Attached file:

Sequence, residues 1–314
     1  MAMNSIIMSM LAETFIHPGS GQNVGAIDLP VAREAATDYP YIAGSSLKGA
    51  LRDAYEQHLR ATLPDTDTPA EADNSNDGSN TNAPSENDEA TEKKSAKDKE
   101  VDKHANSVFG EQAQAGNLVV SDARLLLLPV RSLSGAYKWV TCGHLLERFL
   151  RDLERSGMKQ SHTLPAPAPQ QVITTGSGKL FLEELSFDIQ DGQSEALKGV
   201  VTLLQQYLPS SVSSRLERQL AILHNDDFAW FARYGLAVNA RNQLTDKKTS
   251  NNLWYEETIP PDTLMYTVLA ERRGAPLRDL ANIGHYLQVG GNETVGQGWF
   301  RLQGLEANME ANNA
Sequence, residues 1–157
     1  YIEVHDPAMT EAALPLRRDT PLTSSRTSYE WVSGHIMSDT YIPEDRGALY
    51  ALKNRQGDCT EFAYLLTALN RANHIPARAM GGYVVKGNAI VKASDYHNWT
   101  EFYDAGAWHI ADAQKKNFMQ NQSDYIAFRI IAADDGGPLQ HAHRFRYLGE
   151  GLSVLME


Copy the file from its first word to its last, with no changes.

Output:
Sequence, residues 1–314
     1  MAMNSIIMSM LAETFIHPGS GQNVGAIDLP VAREAATDYP YIAGSSLKGA
    51  LRDAYEQHLR ATLPDTDTPA EADNSNDGSN TNAPSENDEA TEKKSAKDKE
   101  VDKHANSVFG EQAQAGNLVV SDARLLLLPV RSLSGAYKWV TCGHLLERFL
   151  RDLERSGMKQ SHTLPAPAPQ QVITTGSGKL FLEELSFDIQ DGQSEALKGV
   201  VTLLQQYLPS SVSSRLERQL AILHNDDFAW FARYGLAVNA RNQLTDKKTS
   251  NNLWYEETIP PDTLMYTVLA ERRGAPLRDL ANIGHYLQVG GNETVGQGWF
   301  RLQGLEANME ANNA
Sequence, residues 1–157
     1  YIEVHDPAMT EAALPLRRDT PLTSSRTSYE WVSGHIMSDT YIPEDRGALY
    51  ALKNRQGDCT EFAYLLTALN RANHIPARAM GGYVVKGNAI VKASDYHNWT
   101  EFYDAGAWHI ADAQKKNFMQ NQSDYIAFRI IAADDGGPLQ HAHRFRYLGE
   151  GLSVLME